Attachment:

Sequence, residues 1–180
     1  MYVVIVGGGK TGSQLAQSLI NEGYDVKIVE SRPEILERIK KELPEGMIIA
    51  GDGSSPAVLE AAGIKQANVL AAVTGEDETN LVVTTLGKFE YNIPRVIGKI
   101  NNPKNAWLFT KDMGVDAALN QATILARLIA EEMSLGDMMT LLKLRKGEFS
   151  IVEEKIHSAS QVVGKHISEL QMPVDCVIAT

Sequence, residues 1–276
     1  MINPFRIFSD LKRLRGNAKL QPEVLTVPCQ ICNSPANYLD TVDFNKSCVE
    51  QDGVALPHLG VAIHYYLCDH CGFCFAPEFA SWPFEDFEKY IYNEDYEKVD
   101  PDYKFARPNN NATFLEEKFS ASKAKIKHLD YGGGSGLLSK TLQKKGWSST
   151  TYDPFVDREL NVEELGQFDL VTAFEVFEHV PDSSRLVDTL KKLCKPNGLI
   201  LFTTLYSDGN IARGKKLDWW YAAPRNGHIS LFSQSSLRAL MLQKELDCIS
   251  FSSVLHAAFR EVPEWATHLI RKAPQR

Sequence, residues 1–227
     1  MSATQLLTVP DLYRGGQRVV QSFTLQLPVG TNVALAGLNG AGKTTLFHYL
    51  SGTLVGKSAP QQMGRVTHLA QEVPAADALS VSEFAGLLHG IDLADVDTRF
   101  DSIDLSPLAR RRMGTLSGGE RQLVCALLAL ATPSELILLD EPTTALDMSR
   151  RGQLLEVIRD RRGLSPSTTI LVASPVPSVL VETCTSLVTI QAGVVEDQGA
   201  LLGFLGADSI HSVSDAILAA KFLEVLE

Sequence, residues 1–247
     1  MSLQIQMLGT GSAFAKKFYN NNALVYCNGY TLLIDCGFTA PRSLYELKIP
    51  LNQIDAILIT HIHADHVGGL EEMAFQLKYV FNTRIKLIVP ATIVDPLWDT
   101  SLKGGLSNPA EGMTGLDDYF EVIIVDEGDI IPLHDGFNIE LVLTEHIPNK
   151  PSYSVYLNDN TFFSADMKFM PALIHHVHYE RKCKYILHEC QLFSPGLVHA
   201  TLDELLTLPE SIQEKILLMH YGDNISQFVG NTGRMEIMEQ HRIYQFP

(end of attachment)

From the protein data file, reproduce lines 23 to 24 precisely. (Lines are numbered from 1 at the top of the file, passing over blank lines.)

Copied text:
   151  PSYSVYLNDN TFFSADMKFM PALIHHVHYE RKCKYILHEC QLFSPGLVHA
   201  TLDELLTLPE SIQEKILLMH YGDNISQFVG NTGRMEIMEQ HRIYQFP